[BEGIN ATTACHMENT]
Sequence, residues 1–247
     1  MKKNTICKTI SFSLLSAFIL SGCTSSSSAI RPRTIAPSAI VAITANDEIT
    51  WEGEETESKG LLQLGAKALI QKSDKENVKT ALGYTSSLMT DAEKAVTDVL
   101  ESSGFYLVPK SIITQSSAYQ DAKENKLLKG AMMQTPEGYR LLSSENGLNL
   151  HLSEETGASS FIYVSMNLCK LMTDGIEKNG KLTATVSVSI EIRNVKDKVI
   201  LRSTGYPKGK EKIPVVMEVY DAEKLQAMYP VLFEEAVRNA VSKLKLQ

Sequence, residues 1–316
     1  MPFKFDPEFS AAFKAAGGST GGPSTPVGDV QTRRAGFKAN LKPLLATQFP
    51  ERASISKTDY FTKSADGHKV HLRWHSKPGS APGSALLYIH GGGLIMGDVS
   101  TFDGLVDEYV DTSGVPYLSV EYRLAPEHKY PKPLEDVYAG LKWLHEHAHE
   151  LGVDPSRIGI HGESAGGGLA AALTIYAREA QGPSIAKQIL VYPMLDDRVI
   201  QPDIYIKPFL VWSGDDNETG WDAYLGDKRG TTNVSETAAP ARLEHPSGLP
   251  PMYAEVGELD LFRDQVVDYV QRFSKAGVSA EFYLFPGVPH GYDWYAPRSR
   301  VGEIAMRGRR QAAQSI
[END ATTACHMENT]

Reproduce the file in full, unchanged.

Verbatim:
Sequence, residues 1–247
     1  MKKNTICKTI SFSLLSAFIL SGCTSSSSAI RPRTIAPSAI VAITANDEIT
    51  WEGEETESKG LLQLGAKALI QKSDKENVKT ALGYTSSLMT DAEKAVTDVL
   101  ESSGFYLVPK SIITQSSAYQ DAKENKLLKG AMMQTPEGYR LLSSENGLNL
   151  HLSEETGASS FIYVSMNLCK LMTDGIEKNG KLTATVSVSI EIRNVKDKVI
   201  LRSTGYPKGK EKIPVVMEVY DAEKLQAMYP VLFEEAVRNA VSKLKLQ

Sequence, residues 1–316
     1  MPFKFDPEFS AAFKAAGGST GGPSTPVGDV QTRRAGFKAN LKPLLATQFP
    51  ERASISKTDY FTKSADGHKV HLRWHSKPGS APGSALLYIH GGGLIMGDVS
   101  TFDGLVDEYV DTSGVPYLSV EYRLAPEHKY PKPLEDVYAG LKWLHEHAHE
   151  LGVDPSRIGI HGESAGGGLA AALTIYAREA QGPSIAKQIL VYPMLDDRVI
   201  QPDIYIKPFL VWSGDDNETG WDAYLGDKRG TTNVSETAAP ARLEHPSGLP
   251  PMYAEVGELD LFRDQVVDYV QRFSKAGVSA EFYLFPGVPH GYDWYAPRSR
   301  VGEIAMRGRR QAAQSI